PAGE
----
“Won’t Somebody Think of the Children?” Examining COPPA Compliance at Scale – Irwin Reyes, Amit Elazari Bar On
We present a scalable dynamic analysis framework that allows for the automatic evaluationdomain of the privacy behaviors of Android apps. We use our system to analyze mobile apps’ compliance with the Children’s Online Privacy Protection Act (COPPA), one of the few stringent privacy laws in the U.S. Based on our automated analysis of 5,855 of the most popular free children’s apps, we found that a majority are potentially in violation of COPPA, mainly due to their use of third-party SDKs. While many of these SDKs offer configuration options to respect COPPA by disabling tracking and behavioral advertising, our data suggest that a majority of apps either do not make use of these options or incorrectly propagate them across mediation SDKs. Worse, we observed that 19% of children’s apps collect identifiers or other personally identifiable information (PII) via SDKs whose terms of service outright prohibit their use in child-directed apps. Finally, we show that efforts by Google to limit tracking through the use of a resettable advertising ID have had little success: of the 3,454 apps that share the resettable ID with advertisers, 66% transmit other, non-resettable, persistent identifiers as well, negating any intended privacy-preserving properties of the advertising ID.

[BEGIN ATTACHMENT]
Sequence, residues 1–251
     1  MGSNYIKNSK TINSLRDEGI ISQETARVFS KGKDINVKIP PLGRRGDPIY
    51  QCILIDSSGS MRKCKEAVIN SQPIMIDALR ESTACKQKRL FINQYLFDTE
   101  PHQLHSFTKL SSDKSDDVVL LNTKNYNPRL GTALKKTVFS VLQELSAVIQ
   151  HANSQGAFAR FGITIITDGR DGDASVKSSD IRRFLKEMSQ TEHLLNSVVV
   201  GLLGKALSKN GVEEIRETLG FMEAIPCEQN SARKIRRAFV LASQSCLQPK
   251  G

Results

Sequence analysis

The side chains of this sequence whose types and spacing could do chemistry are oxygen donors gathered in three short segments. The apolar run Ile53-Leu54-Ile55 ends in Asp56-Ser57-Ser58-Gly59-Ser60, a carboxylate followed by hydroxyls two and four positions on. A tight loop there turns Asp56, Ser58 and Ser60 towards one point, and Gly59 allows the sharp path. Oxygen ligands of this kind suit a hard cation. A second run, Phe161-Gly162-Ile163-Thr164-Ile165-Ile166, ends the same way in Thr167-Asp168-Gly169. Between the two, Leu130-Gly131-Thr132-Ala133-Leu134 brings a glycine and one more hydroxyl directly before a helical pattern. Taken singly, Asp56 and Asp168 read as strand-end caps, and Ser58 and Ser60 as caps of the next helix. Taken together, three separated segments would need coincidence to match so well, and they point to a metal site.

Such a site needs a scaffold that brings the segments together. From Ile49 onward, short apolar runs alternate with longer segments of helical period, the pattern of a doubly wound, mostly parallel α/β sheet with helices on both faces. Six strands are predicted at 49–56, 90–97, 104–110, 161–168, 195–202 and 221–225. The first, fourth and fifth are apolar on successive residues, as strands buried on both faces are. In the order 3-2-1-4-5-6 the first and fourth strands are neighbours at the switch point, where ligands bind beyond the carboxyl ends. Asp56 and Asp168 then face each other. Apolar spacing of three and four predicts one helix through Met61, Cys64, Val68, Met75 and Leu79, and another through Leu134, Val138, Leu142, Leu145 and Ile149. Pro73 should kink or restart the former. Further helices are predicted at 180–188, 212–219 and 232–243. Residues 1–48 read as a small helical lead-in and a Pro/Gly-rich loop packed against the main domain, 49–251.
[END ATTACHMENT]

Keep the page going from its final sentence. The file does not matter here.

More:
Irwin is a researcher in the Usable Security and Privacy Group at the International Computer Science Institute (ICSI) affiliated with the University of California at Berkeley. He earned Bachelor’s and Master’s degrees from the University of Virginia in 2009 and 2011, respectively. Irwin has held positions developing ballistic missile defense systems at the Johns Hopkins University Applied Physics Laboratory and applying usable security concepts to commercial products at Dell. His research interests include measuring the privacy risks of everyday consumer products, user perceptions of security issues, and the online advertising ecosystem.
Amit is a doctoral law candidate at UC Berkeley School of Law and a Berkeley Center for Long-Term Cybersecurity Grantee. Her work has been published in leading technology law journals, presented in conferences such as RSA, USENIX Enigma, BsidesLV, BsidesSF, DEF CON-Skytalks and Black Hat, and featured in leading news sites such as the Wall Street Journal, Washington Post, The Guardian and the Verge. Additionally, Amit teaches at UC Berkeley’s School of Information Master of Information and Cybersecurity (MICS) program and serves as the submissions editor of BTLJ, the world’s leading Tech Law Journal. On 2018, Amit was granted a CLTC grant for her work on private ordering regulating information security.